This goes beyond wearing a safety pin, attending protests, and writing postcards as part of the Local Love Brigade, to being willing to open our home and beyond. When they come for you, when you need solidarity, call us to your side.  

Would we hide you? Yes. 

This is one time our black and white thinking serves us: there’s no room for equivocation here.

We families who have significant differences from “the norm” are used to standing up for ourselves - and, often, others. We might sometimes be tired, but we are experienced advocates, sometimes to our own surprise. These skills are especially important now, as we see hate crimes and discrimination on the rise, and ignorance being celebrated.  Sure, many will not listen or truly hear us, but some people will, and that makes our efforts worthwhile.

Figure I - Not Saying Something vs. Saying Something

Should I have said something? Yes. Next time I will, even if it’s hard, even if I’m worn out, even if my voice shakes. 

I hope you will, too.

Full Spectrum Mama

P.S. Coming up in my next post: ways to say something!

Welcome to the Sensory Blog Hop — a monthly gathering of posts from sensory bloggers hosted by The Sensory Spectrum and The Jenny Evolution. Click on the links below to read stories from other bloggers about what it’s like to have Sensory Processing Disorder and to raise a sensory kiddo!

Wednesday, December 21, 2016


Dear Persons,

On this shortest day of the year, the Full Spectrum family wishes you hope.

Over the last five years, this blog has grown from a solitary voice in the dark looking for community and shared stories to a force for advocacy and awareness over 100,000 readers strong.

On this solstice, I am grateful for you, dear readers. Together, we are shedding light on the worth of all people. We are exploring the ways in which our challenges can be met with justice and grace, and ensuring that the unique gifts of every individual can be nurtured and celebrated.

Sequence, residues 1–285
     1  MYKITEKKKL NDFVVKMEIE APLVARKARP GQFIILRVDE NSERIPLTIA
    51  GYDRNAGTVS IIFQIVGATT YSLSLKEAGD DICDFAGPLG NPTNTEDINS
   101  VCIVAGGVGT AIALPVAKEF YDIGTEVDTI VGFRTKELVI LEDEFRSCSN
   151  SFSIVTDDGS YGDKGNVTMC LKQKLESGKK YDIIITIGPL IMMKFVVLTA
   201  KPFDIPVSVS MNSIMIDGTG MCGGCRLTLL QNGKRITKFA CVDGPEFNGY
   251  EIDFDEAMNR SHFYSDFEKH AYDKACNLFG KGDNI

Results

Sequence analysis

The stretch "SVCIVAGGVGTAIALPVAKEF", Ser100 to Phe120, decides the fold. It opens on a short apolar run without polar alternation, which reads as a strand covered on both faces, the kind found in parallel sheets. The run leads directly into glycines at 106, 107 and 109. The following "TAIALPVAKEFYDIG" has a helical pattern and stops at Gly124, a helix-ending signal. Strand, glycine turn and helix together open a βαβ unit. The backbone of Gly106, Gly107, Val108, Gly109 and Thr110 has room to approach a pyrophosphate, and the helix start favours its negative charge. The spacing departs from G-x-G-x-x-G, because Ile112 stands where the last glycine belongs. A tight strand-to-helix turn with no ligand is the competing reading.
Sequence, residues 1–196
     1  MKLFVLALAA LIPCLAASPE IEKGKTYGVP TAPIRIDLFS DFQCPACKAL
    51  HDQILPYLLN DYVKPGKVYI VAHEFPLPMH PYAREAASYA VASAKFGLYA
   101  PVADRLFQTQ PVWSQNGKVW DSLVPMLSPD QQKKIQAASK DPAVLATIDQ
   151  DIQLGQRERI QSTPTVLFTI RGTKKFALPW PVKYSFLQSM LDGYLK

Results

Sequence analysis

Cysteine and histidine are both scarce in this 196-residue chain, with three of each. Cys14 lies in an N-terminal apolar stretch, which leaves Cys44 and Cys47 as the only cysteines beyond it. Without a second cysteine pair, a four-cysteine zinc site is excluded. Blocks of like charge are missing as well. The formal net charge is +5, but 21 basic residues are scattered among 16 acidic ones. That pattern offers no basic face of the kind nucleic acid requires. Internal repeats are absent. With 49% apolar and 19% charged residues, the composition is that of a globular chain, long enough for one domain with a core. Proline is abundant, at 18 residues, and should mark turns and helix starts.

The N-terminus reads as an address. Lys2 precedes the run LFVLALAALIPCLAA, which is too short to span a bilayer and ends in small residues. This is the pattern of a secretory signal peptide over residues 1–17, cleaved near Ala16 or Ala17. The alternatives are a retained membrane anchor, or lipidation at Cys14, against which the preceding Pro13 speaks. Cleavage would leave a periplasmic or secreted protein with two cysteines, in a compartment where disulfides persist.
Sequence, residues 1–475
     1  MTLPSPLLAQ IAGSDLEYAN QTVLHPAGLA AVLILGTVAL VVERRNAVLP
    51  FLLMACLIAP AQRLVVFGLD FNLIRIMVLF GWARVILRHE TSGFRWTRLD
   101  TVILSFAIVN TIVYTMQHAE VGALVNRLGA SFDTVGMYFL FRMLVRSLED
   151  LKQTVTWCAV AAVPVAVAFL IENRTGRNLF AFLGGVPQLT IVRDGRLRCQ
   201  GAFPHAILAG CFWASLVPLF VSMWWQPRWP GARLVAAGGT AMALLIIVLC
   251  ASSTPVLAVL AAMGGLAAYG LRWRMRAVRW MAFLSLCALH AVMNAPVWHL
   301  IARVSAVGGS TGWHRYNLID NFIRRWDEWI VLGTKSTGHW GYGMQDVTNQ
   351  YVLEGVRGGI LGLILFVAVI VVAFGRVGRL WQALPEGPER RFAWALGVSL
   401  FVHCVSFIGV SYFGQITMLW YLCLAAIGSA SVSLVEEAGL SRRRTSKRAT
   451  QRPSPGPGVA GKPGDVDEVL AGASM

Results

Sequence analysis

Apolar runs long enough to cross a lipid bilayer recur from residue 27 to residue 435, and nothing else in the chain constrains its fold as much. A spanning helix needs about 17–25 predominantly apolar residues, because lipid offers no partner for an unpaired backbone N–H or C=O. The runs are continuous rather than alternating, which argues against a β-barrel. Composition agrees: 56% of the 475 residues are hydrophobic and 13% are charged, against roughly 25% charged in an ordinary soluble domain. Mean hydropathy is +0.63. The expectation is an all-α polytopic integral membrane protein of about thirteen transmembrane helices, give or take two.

Much love,
Full Spectrum Mama

Tuesday, November 8, 2016


Dear Persons,

The recent news of an autistic boy named Chase Coleman being assaulted during a cross country meet, essentially for being Black and autistic, broke my heart. G runs cross country, and although G is not Black or non-verbal I share many of the concerns this boy’s mother had, such as worrying about G getting lost during meets. G’s Sensory Processing Differences (SPD) and other challenges can make running cross country distances and trails a minefield for him, yet he keeps trying, usually with a smile. He also hasn’t digested some of the central customs of the sport, such as being at the starting line with his number pinned to his uniform (don’t ask). 

Like Chase’s mom, I attend all of G’s meets, because I am immensely proud of course - I am sure Chase’s mother believes her son is a real champ, as I do…But I also go to every meet because I want to keep an eye on things.…make sure everything goes okay.

My daughter, Z, also runs cross country in her elementary school. While I try to attend all of her meets as well, I don’t worry about her in the same ways - at all. East Asians (she is of Chinese ethnicity) are not stereotyped in the same ways that people of African descent are, so I don’t worry about her being targeted as a threat (though I do worry about her vulnerability, as most parents of daughters do…). She’s fast as heck and has a great sense of direction, so I don’t worry about her losing her way or her “performance” or confidence…